• While 4 hours is preferable, I have marinated it for as little as 2 hours and the chicken has not been any the worse for it.
  • If you like the burnt bits on your meat, broil the chicken until that point.
  • I have tried cooking the marinade with the drippings from the tray but it wasn't very popular. The chicken is very moist and tender and has a fair coating of the spices that it does not need any gravy with it when served tandoori-style.

Step 2: The Makhani sauce

  • 1/2 stick butter
  • 3 tbsp grated ginger
  • 3 tbsp grated garlic
  • 1.5 cans of diced tomatoes
  • 1 tbsp finely chopped ginger
  • 3-4 Thai chillies. slit vertically and deseeded (use more if you want to up the heat)
  • 5 tsp ground cashewnuts
  • 1 tsp Kashmiri chilli powder (or cayenne pepper and red paprika)
  • 1/3 cup cream
  • salt to taste
  • chopped cilantro for garnish
  1. Melt butter in a kadhai and add grated ginger and grated garlic.
  2. Stir over medium heat for a few minutes until the fibers turn a golden color.
  3. Add diced tomatoes and about 2 cups of water.
  4. Cover and cook down until most of the water has evaporated.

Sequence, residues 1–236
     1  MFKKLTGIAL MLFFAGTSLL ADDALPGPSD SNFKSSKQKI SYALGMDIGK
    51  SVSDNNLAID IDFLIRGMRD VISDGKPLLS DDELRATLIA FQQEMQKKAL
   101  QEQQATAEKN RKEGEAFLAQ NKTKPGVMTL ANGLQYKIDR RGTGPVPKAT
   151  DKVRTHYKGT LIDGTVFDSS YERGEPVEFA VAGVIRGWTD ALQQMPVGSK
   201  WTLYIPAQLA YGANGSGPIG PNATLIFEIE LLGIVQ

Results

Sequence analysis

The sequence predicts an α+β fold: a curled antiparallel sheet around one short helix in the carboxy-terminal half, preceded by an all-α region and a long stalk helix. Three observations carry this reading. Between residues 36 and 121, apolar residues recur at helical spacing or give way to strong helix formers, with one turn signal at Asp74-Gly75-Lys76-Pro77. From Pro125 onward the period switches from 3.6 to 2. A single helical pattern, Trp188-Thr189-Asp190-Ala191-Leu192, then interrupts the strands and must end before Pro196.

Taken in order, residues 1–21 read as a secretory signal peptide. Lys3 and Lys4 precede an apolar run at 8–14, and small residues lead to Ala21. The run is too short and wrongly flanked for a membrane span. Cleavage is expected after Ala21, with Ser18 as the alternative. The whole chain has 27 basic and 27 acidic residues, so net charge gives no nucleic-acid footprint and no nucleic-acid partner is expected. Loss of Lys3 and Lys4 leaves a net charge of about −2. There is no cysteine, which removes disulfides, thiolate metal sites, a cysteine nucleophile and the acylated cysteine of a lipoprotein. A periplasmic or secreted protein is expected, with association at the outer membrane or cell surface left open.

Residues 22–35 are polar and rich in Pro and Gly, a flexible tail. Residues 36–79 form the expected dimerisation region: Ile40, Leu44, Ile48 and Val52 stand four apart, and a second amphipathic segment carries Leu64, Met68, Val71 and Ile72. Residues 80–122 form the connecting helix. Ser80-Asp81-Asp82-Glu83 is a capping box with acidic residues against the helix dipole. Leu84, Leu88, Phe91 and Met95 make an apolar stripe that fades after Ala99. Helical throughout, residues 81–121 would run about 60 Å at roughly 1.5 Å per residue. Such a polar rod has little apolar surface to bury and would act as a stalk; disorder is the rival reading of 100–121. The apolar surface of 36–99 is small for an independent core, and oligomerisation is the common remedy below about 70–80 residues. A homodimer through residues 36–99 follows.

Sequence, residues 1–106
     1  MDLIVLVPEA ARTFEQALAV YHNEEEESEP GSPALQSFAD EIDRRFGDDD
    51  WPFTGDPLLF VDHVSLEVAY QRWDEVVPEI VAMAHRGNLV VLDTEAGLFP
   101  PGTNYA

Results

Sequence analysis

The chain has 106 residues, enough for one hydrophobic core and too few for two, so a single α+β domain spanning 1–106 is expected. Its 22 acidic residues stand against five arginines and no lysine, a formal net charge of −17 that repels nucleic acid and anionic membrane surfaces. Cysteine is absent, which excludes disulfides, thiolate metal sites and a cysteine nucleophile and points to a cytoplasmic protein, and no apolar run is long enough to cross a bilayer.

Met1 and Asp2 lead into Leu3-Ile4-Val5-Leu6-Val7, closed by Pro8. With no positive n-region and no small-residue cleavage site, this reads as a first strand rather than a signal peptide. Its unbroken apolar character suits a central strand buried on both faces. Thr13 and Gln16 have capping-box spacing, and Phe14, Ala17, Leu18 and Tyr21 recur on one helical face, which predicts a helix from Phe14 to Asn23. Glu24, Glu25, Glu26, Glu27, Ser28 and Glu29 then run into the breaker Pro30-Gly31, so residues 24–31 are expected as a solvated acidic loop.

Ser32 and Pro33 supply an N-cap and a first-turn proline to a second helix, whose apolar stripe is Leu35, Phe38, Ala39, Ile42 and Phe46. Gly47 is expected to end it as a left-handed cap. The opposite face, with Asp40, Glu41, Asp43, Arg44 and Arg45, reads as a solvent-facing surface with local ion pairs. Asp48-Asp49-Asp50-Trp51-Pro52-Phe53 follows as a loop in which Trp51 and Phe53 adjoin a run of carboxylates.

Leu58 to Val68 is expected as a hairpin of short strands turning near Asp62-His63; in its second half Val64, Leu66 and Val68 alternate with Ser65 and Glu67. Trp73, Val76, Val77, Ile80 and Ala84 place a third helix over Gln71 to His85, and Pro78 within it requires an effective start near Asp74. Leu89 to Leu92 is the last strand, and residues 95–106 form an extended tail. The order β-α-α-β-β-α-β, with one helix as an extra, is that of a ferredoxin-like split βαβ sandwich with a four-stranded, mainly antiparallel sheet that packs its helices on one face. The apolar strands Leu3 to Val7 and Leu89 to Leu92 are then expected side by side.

5. While this is cooking, chop the tandoori-style chicken into bite-size pieces.
  6. Blend the cooked down chunky sauce into a smooth mixture using a hand blender or in your blender. If your blender is like mine, you may want to cool the mixture quickly using a few ice cubes.
  7. Pour the smooth mixture back into the kadhai and add the chopped ginger and green chillies. Cook for a few minutes and then add ground cashewnuts and stir to ensure they mix well into the sauce.
  8. If you like, adjust the sauce to a thickness of your liking by adding some water.
  9. Add salt and Kashmiri chilli powder and bring the sauce to a boil.
  10. Gently add the chopped chicken into the sauce and simmer for 7-8 minutes.
  11. Stir in heavy cream and remove from heat.
  12. Garnish with chopped cilantro and serve with naan, roti or with rice. The choice is yours.
  • The original recipe called for 2 sticks of butter and 2/3 cups cream in the sauce. I think that much is rather unnecessary. Also, I don't particularly care for a floating layer of grease on my chicken.
  • I used almonds instead of cashewnuts yesterday and it worked just as well.
  • I used half the number of green chillies. Add more green chillies to make it spicier if you like.
  • And, yes, there really is all that ginger in the sauce. Do not reduce the amount of chopped ginger as it gives a lovely bite to the sauce.
What you see in this little one-serving bowl is all that is left of last night's butter chicken. We shared some for a very late brunch earlier today. Then off went Medha for a sleepover but only after hugging me profusely and telling me just how much she loved me and could I please save the rest of the chicken for her.